Some Bank Notes Will No Longer Be Valid in Canada Soon
Spend your $1,000 bills before it’s too late, Halton.
With Canada's Budget 2018 in the works, some very interesting developments are bound to arise. One salient item in this year's budget document is that some bank notes will no longer be considered legal tender.
According to the Bank of Canada, the Budget 2018 remove legal tender status from the $1, $2, $25, $500 and $1,000 bank notes.
"Removing legal tender status from these older notes is expected to have little impact on most Canadians, as these denominations have not been produced in decades and are rarely used in transactions," said the Bank of Canada in a recent statement. "Importantly, removal of legal tender status does not mean these notes will lose their face value; the Bank of Canada will continue to honour them."
So, the only way to redeem your notes will be through the Bank of Canada going forward.
"If the government is granted this power, the Bank of Canada will provide clear information to Canadians on how to redeem the affected bank notes," said the Bank of Canada.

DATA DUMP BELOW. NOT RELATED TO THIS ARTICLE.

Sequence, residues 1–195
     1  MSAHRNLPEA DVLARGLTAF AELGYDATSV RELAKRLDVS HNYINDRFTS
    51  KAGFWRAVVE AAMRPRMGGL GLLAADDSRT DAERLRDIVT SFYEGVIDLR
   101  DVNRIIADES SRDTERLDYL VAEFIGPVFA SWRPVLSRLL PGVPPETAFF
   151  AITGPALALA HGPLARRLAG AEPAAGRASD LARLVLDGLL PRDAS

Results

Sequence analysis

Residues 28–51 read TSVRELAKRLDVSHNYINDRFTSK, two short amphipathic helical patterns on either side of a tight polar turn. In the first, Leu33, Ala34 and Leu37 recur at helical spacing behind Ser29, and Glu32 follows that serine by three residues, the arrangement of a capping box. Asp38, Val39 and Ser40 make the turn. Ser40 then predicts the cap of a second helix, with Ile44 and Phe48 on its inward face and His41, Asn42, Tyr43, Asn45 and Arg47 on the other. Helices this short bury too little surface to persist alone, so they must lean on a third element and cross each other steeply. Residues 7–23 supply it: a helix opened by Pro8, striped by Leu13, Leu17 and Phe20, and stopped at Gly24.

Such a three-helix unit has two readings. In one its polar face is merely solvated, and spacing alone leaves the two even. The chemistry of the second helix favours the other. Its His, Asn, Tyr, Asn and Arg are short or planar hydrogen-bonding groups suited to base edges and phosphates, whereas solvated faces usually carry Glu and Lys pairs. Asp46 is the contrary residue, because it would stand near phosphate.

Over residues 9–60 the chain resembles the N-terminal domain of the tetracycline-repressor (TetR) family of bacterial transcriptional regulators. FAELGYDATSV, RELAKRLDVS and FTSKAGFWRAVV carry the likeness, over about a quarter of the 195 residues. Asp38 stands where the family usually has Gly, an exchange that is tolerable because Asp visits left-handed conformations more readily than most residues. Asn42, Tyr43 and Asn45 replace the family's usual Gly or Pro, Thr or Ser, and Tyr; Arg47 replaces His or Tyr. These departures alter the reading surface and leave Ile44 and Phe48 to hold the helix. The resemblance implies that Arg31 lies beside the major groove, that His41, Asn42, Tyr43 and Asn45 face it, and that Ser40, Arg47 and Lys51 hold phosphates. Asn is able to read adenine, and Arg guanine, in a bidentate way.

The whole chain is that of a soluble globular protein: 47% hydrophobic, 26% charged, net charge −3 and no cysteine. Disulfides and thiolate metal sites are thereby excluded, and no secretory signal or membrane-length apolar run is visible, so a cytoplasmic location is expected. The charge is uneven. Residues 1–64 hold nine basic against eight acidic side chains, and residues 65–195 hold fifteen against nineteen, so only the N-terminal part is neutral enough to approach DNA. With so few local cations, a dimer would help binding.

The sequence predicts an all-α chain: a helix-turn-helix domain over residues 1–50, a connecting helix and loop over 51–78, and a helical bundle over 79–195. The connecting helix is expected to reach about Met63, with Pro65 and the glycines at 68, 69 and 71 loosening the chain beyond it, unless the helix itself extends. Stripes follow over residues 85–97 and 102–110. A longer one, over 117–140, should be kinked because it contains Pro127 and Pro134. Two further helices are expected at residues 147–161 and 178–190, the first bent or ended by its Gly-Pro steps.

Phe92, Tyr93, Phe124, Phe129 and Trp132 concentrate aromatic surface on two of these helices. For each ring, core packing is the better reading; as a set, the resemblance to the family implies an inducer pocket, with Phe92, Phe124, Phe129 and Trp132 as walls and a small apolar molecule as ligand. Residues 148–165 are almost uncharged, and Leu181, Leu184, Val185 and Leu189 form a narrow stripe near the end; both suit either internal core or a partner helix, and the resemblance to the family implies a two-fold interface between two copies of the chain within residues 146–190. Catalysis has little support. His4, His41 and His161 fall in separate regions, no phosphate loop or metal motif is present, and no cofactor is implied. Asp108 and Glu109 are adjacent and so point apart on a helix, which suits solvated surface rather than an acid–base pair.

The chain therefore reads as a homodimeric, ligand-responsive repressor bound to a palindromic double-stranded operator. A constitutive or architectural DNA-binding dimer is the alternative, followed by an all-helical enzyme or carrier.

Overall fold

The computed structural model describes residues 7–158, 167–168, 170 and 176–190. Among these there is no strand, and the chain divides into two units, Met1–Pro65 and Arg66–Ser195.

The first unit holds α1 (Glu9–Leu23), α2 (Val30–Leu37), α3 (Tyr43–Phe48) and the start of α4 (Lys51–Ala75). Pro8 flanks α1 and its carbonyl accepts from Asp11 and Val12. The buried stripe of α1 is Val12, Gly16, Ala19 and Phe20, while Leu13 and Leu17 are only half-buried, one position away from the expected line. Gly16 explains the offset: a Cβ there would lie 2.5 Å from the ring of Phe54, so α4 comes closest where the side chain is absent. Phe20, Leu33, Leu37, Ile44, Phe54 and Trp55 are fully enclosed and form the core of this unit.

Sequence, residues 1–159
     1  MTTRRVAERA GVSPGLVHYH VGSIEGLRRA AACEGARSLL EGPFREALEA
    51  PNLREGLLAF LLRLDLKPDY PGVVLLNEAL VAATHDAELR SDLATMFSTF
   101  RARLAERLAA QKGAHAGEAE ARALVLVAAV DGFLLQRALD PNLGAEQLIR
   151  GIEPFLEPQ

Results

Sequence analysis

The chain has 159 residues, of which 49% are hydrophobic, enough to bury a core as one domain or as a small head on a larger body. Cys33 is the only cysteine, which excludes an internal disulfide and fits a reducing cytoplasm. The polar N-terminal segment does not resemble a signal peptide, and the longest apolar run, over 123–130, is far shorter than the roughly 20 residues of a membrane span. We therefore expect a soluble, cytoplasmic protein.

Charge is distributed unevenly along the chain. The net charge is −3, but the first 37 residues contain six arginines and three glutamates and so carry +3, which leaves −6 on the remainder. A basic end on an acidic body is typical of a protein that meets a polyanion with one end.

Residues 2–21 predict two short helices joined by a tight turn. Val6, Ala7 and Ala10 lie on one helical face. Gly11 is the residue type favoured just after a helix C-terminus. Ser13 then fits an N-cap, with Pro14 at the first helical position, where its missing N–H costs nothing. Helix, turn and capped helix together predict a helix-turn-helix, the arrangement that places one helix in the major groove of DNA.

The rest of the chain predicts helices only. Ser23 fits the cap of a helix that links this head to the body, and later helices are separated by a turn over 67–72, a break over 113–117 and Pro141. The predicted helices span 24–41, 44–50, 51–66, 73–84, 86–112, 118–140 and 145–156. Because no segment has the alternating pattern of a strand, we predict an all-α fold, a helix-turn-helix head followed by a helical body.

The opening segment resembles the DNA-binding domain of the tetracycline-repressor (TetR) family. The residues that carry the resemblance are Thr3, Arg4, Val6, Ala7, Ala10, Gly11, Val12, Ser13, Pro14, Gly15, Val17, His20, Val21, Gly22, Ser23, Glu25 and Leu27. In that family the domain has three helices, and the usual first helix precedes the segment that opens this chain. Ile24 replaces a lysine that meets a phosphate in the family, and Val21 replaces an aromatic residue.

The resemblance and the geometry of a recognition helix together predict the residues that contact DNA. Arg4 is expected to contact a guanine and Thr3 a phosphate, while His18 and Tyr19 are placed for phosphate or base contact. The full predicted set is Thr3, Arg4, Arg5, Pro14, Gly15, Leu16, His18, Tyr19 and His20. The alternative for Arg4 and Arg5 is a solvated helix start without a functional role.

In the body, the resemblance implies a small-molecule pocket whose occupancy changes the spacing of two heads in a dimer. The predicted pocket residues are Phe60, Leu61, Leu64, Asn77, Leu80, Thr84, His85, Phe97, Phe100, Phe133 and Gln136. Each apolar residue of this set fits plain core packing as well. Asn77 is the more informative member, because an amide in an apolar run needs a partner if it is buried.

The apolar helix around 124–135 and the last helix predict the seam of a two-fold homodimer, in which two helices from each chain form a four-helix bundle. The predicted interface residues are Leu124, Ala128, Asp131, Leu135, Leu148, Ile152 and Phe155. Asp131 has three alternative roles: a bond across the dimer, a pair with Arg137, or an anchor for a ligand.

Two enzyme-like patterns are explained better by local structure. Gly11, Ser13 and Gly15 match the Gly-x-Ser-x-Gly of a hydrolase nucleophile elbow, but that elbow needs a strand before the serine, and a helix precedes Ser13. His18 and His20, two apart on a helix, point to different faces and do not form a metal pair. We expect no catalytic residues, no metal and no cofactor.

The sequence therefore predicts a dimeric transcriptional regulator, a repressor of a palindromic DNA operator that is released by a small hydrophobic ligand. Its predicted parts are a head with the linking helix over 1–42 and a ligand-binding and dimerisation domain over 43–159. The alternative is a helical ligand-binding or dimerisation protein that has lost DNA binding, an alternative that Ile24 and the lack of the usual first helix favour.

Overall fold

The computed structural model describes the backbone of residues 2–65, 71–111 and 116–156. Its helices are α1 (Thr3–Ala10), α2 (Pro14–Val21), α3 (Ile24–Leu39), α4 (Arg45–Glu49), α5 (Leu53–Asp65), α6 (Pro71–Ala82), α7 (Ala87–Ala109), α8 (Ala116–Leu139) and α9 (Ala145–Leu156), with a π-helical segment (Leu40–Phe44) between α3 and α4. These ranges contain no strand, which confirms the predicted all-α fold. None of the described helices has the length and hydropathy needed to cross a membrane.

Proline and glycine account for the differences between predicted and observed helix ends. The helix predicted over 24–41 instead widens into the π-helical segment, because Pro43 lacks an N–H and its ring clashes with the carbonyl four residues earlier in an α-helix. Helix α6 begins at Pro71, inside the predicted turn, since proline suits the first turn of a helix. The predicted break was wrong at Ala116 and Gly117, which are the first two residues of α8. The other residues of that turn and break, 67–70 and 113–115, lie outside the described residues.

"This will involve a period during which the notes can be redeemed through financial institutions—as Canadians can do today. After this period, the notes can be redeemed directly through the Bank of Canada."
It's true that these are old denominations and it might be rare for Canadians to have them lying around, but if you do and you don't want to keep them for sentimental value (I've seen people hoard vintage $2 bills!), it's a good idea to redeem them now through a financial institution.
Photo courtesy of the Bank of Canada
- Exciting Christmas Events are Coming to a Huge Entertainment Facility in Milton
- Oakville man charged in massive firearm-related investigation
- CAUGHT ON VIDEO: Pair lauded for efforts to thwart 'porch pirates'
- One city moves to eliminate bus fare; could Burlington, Milton, and Oakville do the same?
- Report finds employed Ontarians can't afford to eat